By Danny Wicentowski
By Lindsay Toler
By RFT Staff
By Lindsay Toler
By Allison Babka
By Lindsay Toler
By Lindsay Toler
By Ray Downs
"Mr. Tiller, let me say this: I think that part of the reason that your recordkeeping may have been so sloppy is that you were just so busy defrauding people that you just got a little bit ahead of yourself," the judge said before sending him to prison for more than four years. "I hope that you find another line of work because, at some point -- you know, I think you got kind of a break today -- but at some point, this is going to catch up with you again."
Burt sued Tiller but dropped the suit on the eve of trial, saying he couldn't afford any more legal bills.
"It would cost me a lot of time and money to pursue the case, even pro se, and what would a judgment against that crook be worth?" Burt wrote in a letter to U.S. District Court Judge George F. Gunn. "I think the Court owes me a notice of prison release in advance, so we may engage in a real out-of-court settlement in which the court or anyone else would not be involved."
Burt never got the chance.
He died of a heart attack the same day he received a letter notifying him that Tiller had been released, according to Burt's niece and nephew. He was 79.
"That's a lie," Tiller says, his eyes narrowed. "Of course they'd say that. That's really making me mad now. The feds don't send a letter to people when you're being released -- only the state does that. Why don't you check that one?"
Since 1984, the federal Bureau of Prisons has been notifying victims when criminals are released. A bureau spokesman in Washington, D.C., says he's not permitted to discuss specific cases but under board policy, any victim who requests notification is supposed to get a letter.
A hint of Tiller's legal smarts came during his imprisonment in Leavenworth, Kansas, when he sued the federal government, claiming that prosecutors had miscalculated his sentence.
Tiller packed a file folder with motions, but he didn't get far -- not with a record as long as his. In court documents, Rosen, the assistant U.S. attorney, says Tiller had 27 felony convictions. "I know that was a point that I was shocked on: How does a white-collar defendant have so many convictions?" recalls Rosen, who defended the government against Tiller's civil case. "It was a surprise to me, and that's why I put it into the record."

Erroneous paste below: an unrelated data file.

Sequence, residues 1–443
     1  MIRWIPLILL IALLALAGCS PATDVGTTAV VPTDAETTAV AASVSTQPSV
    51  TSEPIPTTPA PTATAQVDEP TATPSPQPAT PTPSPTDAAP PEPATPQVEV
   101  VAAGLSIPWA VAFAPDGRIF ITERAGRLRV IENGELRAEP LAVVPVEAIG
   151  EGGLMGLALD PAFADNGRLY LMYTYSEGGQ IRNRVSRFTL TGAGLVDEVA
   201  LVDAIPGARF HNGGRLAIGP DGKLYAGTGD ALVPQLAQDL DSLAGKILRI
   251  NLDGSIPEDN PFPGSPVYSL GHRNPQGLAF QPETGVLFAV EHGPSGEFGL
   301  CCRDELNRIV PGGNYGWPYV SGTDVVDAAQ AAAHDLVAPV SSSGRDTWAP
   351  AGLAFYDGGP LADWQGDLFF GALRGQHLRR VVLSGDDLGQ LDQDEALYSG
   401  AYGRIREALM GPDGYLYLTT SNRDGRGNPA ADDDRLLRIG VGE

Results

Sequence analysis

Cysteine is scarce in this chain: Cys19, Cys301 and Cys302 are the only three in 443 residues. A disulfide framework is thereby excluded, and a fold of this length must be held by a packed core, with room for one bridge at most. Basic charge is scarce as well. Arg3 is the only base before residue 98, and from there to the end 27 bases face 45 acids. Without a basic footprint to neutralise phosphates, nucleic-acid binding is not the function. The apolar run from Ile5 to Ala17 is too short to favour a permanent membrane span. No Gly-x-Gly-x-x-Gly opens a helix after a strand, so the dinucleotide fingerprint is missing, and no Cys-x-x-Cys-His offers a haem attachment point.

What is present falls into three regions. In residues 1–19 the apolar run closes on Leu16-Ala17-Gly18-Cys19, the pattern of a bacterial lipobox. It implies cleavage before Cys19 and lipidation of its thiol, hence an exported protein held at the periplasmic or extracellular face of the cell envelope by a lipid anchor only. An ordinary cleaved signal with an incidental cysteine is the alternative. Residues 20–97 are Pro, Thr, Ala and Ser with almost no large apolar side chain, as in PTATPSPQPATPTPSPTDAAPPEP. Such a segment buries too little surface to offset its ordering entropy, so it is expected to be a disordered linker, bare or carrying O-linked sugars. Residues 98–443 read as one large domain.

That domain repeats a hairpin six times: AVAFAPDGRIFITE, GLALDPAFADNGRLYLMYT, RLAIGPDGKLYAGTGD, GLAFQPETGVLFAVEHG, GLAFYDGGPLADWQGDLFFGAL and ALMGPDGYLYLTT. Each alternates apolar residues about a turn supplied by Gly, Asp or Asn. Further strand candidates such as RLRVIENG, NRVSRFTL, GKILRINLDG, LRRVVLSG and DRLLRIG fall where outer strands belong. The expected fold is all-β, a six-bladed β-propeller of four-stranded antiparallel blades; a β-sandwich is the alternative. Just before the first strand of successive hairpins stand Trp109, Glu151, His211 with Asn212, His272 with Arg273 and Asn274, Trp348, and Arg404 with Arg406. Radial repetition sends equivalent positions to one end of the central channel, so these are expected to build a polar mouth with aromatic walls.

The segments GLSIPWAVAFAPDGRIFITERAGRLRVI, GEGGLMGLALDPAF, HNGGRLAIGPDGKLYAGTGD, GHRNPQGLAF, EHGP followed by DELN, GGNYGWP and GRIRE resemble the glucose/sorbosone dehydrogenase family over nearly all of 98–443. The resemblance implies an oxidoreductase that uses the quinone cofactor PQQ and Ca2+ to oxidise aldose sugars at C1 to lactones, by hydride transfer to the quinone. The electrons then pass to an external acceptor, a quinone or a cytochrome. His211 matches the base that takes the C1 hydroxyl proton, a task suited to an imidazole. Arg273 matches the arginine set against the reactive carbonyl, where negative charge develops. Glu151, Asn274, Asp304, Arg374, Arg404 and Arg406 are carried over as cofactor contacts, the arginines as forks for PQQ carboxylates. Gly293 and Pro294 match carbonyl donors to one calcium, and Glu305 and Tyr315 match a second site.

After mailing scores of fruitless pleas to the court, Tiller abruptly dropped the case in December 1996, apologizing to Rosen and the judge for wasting their time. By then, he'd found a new profession.
"When I was in prison, I saw -- you know I was in the state and federal -- I saw people beaten, I saw people abused, I saw people set up, I saw everything," Tiller says. "And I earned my paralegal certificate while I was in there. I did nothing but study every day.
"It was college, being in the federal system."
Tiller no doubt noticed that inmates are desperate for legal help. Perhaps he also noticed that the system usually doesn't listen to them when they complain. After he was released in 1999, Tiller set up the Civil Rights Legal Defense Team. That's when he turned to Allen Harris. It was a curious choice.
Six years earlier, Tiller had pegged Harris as a lousy lawyer. When his probation was revoked, Tiller sought Harris' dismissal as his counsel on the grounds that he was involved in criminal activity and had conflicts of interest -- as with his conspiracy claims, Tiller didn't include any details. Harris had also initially represented him in his botched bankruptcy filing, and Tiller in court documents blames Harris for screwing up the case by filing faulty motions. He said the differences between him and Harris were "irreconcilable."
Harris isn't necessarily an awful lawyer. Last year, he won an acquittal for a client accused of assaulting guards at the St. Louis County jail ["Hard Luck, Hard Time," Riverfront Times, March 28, 2001]. But Harris' disciplinary record shows that he was less than top-notch. In 1994, he was reprimanded by the state Supreme Court for not fully informing a client of a settlement offer in a lawsuit and for failing to respond to charges against him, which resulted in his temporary disbarment.
Harris got his law license back after he answered the charges, explaining that he was suffering from depression and other emotional problems that required psychiatric help. The Supreme Court ordered him to submit to monitoring of his practice by the Office of the Chief Disciplinary Counsel for two years and to provide the office with evidence that his mental problems had been solved.
But Harris ignored orders from the Office of the Chief Disciplinary Counsel to provide proof that he had taken required courses in law-practice management. Nor did he submit quarterly reports from his psychiatrist. He finally submitted required records in September 1998, nearly two years late and only after more than a year of making excuses. The Office of the Chief Disciplinary Counsel formally admonished him for noncompliance. "Only through constant prodding by this office did you complete the conditions," wrote John E. Howe, chief disciplinary counsel, in the letter of admonishment.